When you enter the city offices of Alma, you are greeted by a community slogan that reads: “Alma is for YOU!” This is a statement quite fitting for a lakeside town that is anything but a seasonal destination.
Alma is thriving in the midst of revitalization as commerce and economic development continue to be the driving force in the town’s success. Vacant storefronts are a common sight in rural America but Alma proves that stereotype to be incorrect. As you look down Main Street the buildings are filled with not only businesses, but people as well. In the last year, Alma’s downtown district has been the setting for several ribbon cuttings which include the opening of the Lake Life Boutique, Waddell & Reed Financial Planners, Designer Dog Grooming, Sunrise Rental & Realty and Banner Capital Bank. The creation of one of those businesses in a small town is big news; the fact that all of these have chosen to open in Alma is paramount.
Small town resurgence
Other local services and retailers have joined in this small town resurgence. Stenger Plumbing moved into a storefront in downtown; the law firm of Duncan, Duncan, Walker & Schenker gave their brick and mortar a facelift; and Zeller-Zulauf recently completed an extensive remodel for their home furnishings business. Quantum Gymnastics also improved the aesthetics of Main Street with the construction of a new building to house their expanding enrollment.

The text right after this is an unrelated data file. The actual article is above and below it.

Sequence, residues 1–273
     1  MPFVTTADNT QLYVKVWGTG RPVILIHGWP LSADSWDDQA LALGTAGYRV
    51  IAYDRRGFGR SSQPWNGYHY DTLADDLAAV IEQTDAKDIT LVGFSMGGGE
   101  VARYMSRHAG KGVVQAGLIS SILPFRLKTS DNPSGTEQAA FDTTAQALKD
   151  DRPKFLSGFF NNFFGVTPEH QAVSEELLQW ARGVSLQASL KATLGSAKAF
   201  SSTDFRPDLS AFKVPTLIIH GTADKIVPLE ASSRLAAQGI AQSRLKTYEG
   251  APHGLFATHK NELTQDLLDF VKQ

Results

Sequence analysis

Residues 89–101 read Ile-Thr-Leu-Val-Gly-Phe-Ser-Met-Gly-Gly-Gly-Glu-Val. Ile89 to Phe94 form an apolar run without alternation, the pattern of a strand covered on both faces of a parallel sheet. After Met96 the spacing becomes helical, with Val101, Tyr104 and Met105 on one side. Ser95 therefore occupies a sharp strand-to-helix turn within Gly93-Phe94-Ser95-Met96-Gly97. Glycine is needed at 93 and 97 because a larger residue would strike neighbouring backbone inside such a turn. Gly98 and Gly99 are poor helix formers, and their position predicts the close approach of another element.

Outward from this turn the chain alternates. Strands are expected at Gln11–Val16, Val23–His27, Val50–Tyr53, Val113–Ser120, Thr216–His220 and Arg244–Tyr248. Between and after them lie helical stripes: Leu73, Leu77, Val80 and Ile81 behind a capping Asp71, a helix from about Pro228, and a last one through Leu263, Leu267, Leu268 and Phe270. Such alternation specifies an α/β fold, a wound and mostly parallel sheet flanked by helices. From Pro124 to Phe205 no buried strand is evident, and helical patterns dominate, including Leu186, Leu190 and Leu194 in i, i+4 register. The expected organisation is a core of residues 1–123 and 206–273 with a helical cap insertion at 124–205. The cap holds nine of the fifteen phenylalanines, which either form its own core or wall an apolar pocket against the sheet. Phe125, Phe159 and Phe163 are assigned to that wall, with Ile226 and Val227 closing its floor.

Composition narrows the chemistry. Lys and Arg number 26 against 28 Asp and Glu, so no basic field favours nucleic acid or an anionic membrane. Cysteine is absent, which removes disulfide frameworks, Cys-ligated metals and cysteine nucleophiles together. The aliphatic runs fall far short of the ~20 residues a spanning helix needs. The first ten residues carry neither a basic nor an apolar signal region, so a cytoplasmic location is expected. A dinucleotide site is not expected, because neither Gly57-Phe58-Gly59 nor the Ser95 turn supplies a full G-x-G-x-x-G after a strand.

Downtown is not the only section of Alma that is benefiting from a healthy dose of revitalization. Plans are approved and underway for the development of a new city pool and the completion date is set for the summer of 2015. The Arrow Lodge Motel recently underwent a renovation and joins the Super 8 and the Western Holiday Motel as excellent accommodation options for people flocking to Alma in search of rest and relaxation. The newly remodeled Pump & Pantry along Highway 183 continues to provide conveniences, as well as tasty Cinnabon treats, to tourists and truck drivers visiting this lakeside community.
If you want to get to know the town of Alma and learn about its people, start with a visit to any one of the venues where residents gather for morning coffee and a daily update on local happenings. Chances are you will meet enough friendly folks during your first visit that you’ll spend the rest of the day bumping into your new friends, ready with a now-familiar smile and another round of introductions.